December 7th, Pearl Harbor Day, dawned clear,
but very soon turned grey:
Free, for once, from the medical run around, I had time to play with a new toy.
Oh no! More technology. Another beeper.
What would mother have said to all this?
Our only appliance, when I was a child, was the Hoover.
Noisy thing. I always hated vacuum cleaners.
In Asia, of course, we had no such appliance, but a house girl swept the floors. When Mum wanted them polished, she got down on her knees, not trusting that a coconut husk under the girl’s foot could do the job.
Like all Westerners, we had “servants” and many of them felt privileged to have the work. Mum treated them more like friends, I’m glad to say.
When I think of the work my mother did, I feel I have gone soft. Mum said to me, when my parents considered moving back to England after decades abroad, that she “had too many things wrong.” She was overcome by the idea of packing once more and taking that long journey from Florida.
Some friends lived in Miami, and I drove my parents there from St Petersburg, nearly a four hour trip, as I recall. We had dinner and a rest with my friends, while we waited for our flight to London and I remember that my mother was very tired and somehow upset the entire contents of her bag onto a bed. It was then that I came to know how many medications she took.
My mother needed a hip replacement, which was why my parents had chosen to return to England. Ironically, I later discovered that they could easily have afforded her surgery in the States. I also found out, to my annoyance but no great surprise, that I was credited with having encouraged their move. Actually, I had said I would help, if it was what they decided. But father always had to have someone else to blame when he didn’t like an outcome.
The car journey to Miami, followed by a 9 hour flight and a further 2 hours by car to a house that I had been tasked with purchasing on their behalf, must have been agony.
Driving a right-hand drive hire-car, on the wrong side of the road was not my idea of a good time either. Especially when at the other end, I had to introduce my parents to their new abode.
In due course, it was accomplished.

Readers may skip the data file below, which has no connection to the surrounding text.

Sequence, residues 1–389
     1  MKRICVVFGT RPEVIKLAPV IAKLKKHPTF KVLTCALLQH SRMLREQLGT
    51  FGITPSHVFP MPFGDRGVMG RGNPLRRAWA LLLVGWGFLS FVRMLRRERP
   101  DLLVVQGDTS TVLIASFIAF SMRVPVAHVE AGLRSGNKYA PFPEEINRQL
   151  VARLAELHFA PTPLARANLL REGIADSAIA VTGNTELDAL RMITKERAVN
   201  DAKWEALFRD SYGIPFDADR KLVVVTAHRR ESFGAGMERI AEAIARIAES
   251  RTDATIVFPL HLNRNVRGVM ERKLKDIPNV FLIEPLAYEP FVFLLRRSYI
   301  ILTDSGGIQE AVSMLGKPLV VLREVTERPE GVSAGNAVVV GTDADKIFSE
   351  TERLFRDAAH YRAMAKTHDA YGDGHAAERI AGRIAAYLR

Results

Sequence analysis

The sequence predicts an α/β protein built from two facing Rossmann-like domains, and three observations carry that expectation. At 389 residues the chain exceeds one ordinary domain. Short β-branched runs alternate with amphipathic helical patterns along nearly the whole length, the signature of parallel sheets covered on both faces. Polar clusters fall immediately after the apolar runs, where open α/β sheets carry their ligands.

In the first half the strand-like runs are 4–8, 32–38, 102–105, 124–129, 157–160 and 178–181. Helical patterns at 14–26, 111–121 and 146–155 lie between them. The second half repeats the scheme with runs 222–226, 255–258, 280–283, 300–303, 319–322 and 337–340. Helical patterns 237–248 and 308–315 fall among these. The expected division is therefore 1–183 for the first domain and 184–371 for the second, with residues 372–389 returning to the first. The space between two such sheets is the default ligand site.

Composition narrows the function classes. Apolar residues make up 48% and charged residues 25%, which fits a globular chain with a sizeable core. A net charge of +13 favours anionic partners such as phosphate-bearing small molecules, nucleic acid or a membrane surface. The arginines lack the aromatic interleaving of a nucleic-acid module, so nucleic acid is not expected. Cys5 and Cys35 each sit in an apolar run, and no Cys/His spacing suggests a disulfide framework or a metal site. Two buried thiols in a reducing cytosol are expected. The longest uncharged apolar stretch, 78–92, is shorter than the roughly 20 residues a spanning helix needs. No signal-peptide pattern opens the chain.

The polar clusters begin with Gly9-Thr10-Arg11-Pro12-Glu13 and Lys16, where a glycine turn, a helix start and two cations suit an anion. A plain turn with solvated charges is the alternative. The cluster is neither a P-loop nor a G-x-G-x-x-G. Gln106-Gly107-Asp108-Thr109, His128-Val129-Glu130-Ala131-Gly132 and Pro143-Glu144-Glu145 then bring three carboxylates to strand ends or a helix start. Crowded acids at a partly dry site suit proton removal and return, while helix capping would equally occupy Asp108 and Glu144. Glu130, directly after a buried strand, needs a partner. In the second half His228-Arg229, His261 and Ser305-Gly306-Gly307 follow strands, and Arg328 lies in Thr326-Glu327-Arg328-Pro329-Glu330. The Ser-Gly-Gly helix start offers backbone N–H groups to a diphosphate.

Mum had her hip replaced, recovering in amazingly short time and resuming all the activities she had always done, cooking, gardening and everything that goes with looking after a house. She did acquire a washing machine, having been introduced to this great luxury in Florida.
Mum never again said anything about all those “things” that were wrong. Until the last year of her life, she always appeared cheerful, so I don’t know if she suffered in silence. On home leave once, she had fallen over a suitcase and broken an ankle.
A doctor diagnosed it as a bad sprain and recommended exercise. So as we toured Europe on the way back to Cambodia, my father walked her for miles and she said not one word.
My mother had lived through WW2 in London. She made a home for my father in all sorts of weird and wonderful places, improvising and making do without complaint.
While she was never acclaimed as an artist, my mother was extraordinarily talented. She made all her own clothes as well as mine and she made all the trimmings for the many homes she had. Curtains, furniture covers, even sheets and towels.
Mum’s embroidery was flawless and she made beautiful bed spreads, cushion covers and tablecloths, not just for herself but for her many friends.
She was also a talented cook and she loved to entertain.
She smiled a lot and was much loved.
But she had a life of compromise.
Would she think that I am soft? Isn’t that what we’ve become?